Occupancy sensors reduce energy case
TRW’s Space and Defense Park is an office building campus
of more than three million square feet in Redondo Beach, Calif.
Jerry Andis, the director of the company’s energy management
program when the lighting upgrade program began, knew that there
were opportunities to reduce the multimillion dollar lighting
energy bill. “We wanted a system that would be flexible
to meet our changing needs, that would be reliable in turning
the lights on and off, and that would be convenient for our employees,”
he said. Those criteria led Andis to occupancy sensors.
TRW conducted a painstaking, 18-month evaluation of options.
The first step was a pilot study in which different types of sensors
were installed in six offices. The energy savings shown in those
offices led TRW to install 550 sensors in two buildings. That
test confirmed the forecasts by the company’s energy management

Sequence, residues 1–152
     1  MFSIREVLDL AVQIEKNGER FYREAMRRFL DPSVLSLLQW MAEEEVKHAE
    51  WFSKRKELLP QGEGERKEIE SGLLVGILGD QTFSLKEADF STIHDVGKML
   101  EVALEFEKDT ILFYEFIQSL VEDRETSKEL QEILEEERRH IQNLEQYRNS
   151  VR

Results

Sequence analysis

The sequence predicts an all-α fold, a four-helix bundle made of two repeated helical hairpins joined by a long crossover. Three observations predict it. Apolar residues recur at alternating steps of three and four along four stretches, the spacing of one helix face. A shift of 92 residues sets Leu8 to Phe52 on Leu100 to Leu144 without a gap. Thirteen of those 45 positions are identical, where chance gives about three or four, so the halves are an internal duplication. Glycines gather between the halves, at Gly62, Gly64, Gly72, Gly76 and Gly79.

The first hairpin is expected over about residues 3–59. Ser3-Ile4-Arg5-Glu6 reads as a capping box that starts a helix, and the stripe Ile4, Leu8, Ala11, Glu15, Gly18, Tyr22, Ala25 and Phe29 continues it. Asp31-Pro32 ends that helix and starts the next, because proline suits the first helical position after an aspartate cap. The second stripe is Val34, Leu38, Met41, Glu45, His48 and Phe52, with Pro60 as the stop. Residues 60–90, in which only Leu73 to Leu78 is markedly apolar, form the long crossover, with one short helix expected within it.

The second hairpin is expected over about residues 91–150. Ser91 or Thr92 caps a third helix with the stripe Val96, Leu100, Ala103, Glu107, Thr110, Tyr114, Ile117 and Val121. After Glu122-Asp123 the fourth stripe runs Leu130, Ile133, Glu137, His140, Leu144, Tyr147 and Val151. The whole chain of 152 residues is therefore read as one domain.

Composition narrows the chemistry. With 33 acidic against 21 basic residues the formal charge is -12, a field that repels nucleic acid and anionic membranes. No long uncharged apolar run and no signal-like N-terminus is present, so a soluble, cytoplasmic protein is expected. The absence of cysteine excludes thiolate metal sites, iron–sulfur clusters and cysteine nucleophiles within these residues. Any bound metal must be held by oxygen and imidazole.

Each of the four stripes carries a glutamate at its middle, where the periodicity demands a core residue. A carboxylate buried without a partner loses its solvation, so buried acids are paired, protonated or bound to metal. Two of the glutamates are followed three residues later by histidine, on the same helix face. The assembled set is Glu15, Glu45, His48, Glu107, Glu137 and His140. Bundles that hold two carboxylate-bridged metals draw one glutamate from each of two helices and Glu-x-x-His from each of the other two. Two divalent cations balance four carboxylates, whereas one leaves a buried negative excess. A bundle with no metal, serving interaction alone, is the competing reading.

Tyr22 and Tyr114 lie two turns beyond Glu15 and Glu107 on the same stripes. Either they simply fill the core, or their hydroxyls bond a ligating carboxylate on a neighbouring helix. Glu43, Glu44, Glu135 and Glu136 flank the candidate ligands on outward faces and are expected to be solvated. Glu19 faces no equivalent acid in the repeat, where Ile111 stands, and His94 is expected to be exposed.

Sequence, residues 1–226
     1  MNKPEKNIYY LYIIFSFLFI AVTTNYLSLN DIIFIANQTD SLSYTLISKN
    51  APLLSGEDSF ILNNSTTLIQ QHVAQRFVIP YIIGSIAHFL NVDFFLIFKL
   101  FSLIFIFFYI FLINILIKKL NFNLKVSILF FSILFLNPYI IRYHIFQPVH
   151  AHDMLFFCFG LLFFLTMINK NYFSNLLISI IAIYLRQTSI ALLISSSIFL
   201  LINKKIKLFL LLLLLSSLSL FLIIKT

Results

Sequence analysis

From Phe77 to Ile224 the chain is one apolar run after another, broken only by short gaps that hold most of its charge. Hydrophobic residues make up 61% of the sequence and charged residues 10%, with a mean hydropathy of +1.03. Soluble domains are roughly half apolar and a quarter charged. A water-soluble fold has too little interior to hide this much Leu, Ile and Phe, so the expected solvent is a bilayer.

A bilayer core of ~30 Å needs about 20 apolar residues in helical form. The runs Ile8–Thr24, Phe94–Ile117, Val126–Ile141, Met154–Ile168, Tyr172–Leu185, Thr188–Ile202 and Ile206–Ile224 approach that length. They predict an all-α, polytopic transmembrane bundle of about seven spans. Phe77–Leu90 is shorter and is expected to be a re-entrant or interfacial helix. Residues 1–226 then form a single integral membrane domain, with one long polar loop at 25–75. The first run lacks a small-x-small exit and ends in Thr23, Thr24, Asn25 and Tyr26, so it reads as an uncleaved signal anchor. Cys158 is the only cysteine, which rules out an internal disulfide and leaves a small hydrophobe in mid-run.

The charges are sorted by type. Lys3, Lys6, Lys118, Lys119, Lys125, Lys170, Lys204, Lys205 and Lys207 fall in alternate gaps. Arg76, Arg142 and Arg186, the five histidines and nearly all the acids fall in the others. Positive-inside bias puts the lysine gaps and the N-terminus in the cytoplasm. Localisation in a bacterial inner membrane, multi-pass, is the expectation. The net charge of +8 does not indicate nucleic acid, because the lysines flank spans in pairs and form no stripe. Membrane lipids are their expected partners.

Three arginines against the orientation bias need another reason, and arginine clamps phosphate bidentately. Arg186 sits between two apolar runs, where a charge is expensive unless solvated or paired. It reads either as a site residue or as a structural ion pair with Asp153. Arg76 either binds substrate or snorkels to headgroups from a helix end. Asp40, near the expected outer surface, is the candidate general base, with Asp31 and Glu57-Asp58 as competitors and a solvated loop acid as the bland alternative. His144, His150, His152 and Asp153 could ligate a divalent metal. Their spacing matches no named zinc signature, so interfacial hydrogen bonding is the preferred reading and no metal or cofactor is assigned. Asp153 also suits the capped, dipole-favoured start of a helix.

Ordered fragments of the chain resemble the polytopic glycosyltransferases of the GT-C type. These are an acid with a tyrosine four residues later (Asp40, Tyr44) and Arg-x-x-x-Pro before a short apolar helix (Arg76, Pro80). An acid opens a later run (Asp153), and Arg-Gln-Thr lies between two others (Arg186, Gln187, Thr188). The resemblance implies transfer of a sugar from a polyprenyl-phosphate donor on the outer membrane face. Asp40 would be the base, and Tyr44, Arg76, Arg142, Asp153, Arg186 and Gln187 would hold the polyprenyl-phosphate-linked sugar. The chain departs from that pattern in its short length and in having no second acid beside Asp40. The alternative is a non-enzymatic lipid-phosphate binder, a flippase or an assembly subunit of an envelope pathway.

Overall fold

team for cost and energy savings. As a result, TRW has retrofitted
more than 8,000 offices, labs, conference rooms and work areas
with occupancy sensors and continues to install the sensors in
The sensors have reduced by 50 percent the total number of kilowatt
hours used by TRW to light the offices where they are installed,
Andis says. The bottom line: TRW is saving more than $1.3 million
per year after the installation of the lighting controls. Each
sensor saves about $169 per year. Andis reports that the sensors
paid for themselves in 1.1 years, a 61 percent return on investment.
Lighting energy savings aren’t the only economic benefit
of lighting controls. By reducing the amount of time lights burn,
controls also reduce the cooling load of a building. And a reduced
cooling load can translate into smaller HVAC equipment in new
construction or renovation projects. Having the mechanical engineer
rightsize the HVAC system in this way can trim both first costs
and operating costs — savings the facility executives should
consider in the economic evaluation of lighting controls.